Careers in Occupational Therapy

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Written by James Prew

 

According to the United States Bureau of Labor Statistics - The Professional role of "Occupational Therapists" in the health care industry is to: Assess, plan, organize, and participate in habilitative or rehabilitative programs that help build or restore vocational, homemaking, and daily living skills, as well as maintaining general independence and wellness for persons with disabilities, chronic health conditions, or developmental delays.

For those seeking a career in Occupational Therapy it's important to know that at the hands-on level it can be both a satisfying and a challenging experience. It is a privilege to be able to work with people to facilitate return of function, learning or re-acquiring skills, or making healthful behavior changes.  The challenges come because we may work in settings where a client we've grown to know may experience further deterioration in health status, have a poor prognosis, or who may die. Working in some settings requires meeting a high volume caseload while simultaneously giving cost-efficient and budget restricted care.

But then there is that one client, who has endured the loss of a limb or cognitive function and they overcome limitations - because of the skill, compassion and willingness of an occupational therapist to dig in...these are the moments that make a career in OT a satisfying vocation...

It takes a special kind of person to be an occupational therapist.

Many OT educational institutions look for the presence of special qualities and attitudes in their applicants before accepting them into a program. Among these are patience, empathy, and compassion. One should also be able to demonstrate a capacity for creativity, invention and innovation as well, because at times the OT will be called upon to make certain modifications to a clients home environment or fashion a device or tool necessary to restore client function. Most important of all, one must be committed to support an outcome that benefits not only the client, but also the clients family, the community where clients live, and in so doing; promotes the ethics and values of occupational therapy as a profession.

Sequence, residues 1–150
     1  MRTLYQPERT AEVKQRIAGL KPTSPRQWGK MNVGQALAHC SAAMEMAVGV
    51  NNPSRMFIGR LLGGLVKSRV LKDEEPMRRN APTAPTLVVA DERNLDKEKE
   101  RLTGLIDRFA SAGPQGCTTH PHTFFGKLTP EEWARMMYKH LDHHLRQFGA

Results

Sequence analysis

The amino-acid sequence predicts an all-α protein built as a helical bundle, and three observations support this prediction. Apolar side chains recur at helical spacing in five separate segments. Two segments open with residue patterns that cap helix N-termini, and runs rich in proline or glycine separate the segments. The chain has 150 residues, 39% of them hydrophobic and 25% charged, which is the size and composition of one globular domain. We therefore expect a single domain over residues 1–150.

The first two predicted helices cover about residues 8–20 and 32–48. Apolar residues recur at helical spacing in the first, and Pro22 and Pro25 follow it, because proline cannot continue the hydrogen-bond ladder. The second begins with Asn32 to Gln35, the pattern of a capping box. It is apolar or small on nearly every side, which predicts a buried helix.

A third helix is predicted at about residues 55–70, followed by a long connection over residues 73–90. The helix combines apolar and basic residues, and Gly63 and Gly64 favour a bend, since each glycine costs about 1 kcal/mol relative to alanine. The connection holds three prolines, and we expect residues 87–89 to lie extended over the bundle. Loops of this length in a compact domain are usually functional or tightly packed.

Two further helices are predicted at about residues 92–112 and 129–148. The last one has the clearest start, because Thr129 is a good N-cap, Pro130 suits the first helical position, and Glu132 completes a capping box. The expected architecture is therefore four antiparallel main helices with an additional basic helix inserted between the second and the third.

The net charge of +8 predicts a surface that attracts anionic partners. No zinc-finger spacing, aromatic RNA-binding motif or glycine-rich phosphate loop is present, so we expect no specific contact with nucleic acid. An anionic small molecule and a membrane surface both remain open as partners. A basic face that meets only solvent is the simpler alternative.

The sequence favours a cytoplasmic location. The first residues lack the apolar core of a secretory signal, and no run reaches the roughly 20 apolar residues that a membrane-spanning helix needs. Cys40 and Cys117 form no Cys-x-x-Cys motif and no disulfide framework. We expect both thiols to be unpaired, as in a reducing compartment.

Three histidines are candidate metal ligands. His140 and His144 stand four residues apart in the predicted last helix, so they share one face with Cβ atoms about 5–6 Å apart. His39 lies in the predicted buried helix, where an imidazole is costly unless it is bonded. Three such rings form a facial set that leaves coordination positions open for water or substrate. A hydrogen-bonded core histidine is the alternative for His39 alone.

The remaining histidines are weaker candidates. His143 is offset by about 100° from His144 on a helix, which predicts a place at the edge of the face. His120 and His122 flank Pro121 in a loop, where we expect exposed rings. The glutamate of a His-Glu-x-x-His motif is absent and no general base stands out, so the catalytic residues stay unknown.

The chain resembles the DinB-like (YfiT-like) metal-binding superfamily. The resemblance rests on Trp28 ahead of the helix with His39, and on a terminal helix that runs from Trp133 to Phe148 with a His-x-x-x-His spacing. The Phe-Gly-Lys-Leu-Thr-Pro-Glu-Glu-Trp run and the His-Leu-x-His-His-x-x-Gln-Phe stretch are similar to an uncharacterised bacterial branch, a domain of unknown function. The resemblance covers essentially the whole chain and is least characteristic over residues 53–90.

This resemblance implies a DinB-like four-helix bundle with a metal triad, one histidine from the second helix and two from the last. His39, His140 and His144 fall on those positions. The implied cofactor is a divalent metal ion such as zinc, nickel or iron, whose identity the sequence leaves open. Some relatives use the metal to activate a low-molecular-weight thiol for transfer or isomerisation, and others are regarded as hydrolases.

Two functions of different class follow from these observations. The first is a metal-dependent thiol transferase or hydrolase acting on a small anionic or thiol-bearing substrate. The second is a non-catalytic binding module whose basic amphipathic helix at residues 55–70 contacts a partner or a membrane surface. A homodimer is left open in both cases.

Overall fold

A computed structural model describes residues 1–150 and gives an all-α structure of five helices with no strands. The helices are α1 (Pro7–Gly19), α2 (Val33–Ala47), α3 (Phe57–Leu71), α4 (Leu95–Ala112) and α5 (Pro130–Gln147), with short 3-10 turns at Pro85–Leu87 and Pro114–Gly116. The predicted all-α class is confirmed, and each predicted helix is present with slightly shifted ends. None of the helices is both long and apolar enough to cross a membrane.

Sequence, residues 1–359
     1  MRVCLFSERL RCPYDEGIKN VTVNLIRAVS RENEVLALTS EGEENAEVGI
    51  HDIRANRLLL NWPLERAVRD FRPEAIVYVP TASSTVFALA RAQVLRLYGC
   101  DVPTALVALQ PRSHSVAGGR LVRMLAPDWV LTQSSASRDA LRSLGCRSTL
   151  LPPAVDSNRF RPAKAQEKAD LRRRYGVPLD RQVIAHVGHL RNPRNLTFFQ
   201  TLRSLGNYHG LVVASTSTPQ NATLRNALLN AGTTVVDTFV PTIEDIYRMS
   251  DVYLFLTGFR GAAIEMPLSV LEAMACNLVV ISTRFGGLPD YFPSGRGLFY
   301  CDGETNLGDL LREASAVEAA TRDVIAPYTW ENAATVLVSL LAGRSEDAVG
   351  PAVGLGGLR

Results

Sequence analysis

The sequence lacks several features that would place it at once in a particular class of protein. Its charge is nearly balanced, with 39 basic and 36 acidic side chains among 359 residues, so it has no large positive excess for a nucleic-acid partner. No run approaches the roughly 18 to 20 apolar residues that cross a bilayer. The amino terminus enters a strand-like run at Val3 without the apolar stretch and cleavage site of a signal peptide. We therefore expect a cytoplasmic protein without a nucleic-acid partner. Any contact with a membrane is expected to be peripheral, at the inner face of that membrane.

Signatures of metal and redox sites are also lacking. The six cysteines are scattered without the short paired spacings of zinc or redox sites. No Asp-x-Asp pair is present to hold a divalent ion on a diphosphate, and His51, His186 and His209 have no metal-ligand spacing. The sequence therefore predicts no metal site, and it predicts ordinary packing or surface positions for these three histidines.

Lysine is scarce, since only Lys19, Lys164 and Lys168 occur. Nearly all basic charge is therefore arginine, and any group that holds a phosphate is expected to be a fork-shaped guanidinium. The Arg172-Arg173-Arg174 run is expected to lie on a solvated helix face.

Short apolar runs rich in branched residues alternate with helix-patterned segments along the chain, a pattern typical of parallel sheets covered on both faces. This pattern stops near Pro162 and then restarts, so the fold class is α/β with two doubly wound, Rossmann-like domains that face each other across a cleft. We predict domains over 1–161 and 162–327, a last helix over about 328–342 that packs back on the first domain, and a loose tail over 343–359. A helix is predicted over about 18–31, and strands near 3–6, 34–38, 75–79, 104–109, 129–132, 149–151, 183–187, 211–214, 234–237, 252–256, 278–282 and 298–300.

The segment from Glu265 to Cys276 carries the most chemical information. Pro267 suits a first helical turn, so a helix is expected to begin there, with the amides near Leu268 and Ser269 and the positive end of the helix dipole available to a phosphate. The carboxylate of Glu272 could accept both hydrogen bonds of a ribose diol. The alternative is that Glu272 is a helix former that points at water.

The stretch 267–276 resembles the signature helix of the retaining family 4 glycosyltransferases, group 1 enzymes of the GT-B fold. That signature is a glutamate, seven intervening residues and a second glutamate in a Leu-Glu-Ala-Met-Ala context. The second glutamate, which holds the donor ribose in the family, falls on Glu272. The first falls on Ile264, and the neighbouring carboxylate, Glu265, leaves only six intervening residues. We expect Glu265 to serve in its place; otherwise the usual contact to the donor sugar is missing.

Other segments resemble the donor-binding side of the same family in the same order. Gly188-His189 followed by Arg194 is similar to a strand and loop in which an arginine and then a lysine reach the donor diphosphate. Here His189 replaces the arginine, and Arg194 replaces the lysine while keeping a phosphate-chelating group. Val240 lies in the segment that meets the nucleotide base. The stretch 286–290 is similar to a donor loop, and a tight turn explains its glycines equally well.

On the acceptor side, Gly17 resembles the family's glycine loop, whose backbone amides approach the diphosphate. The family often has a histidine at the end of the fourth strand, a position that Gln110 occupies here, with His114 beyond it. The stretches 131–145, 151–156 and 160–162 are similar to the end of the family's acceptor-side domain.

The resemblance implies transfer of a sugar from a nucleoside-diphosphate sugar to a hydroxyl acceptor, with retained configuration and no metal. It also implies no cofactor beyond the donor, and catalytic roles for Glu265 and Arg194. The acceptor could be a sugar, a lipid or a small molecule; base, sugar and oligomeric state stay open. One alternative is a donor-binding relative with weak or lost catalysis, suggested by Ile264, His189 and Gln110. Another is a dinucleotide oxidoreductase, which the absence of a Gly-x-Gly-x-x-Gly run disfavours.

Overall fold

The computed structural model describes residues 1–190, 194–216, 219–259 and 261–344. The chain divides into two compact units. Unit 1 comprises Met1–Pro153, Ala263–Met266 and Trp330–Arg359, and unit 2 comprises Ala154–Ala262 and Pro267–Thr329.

The profession of Occupational Therapy is often misunderstood. We are Not! home-health aides, physical therapists, RNs, LVNs, CNAs, psychoanalyists or masseuses. Legislative bodies, regulatory agencies, and even other medical professionals, frequently fail to recognize the distinct characteristics that make our practice unique. OT is Our Profession – We Are its Ambassadors - Protecting our livelihood should not be last on the list...

As a Career Choice occupational therapy requires a huge commitment of your time and resources, because it is not bound by a single discipline. Prerequistes for most programs include Anatomy, Physiology, Developmental and Abnormal Psychology, Technical/professional Writing and Statistics. Often applicants are asked to volunteer 200 hours or more at a clinic or rehabilitation facility in order to learn first-hand if a career in OT is the right choice for them.

This is highly recommended considering that the Typical Tuition can range from about $40,000.00 to as much as $100,000.00 or more depending upon the program and type of degree one seeks. Essentially this means that if you attain the degree, pass the NBCOT exams, are granted a licence to practice in your state – you'll spend the next 15 to 30 years of your life paying off the debt you've accrued.

Still Interested? Visit the New Mexico Academic Programs Guide to learn more.

 


Employment Trends in Occupational Therapy:

US Bureau of Labor Statistics http://www.bls.gov/oes/current/oes291122.htm

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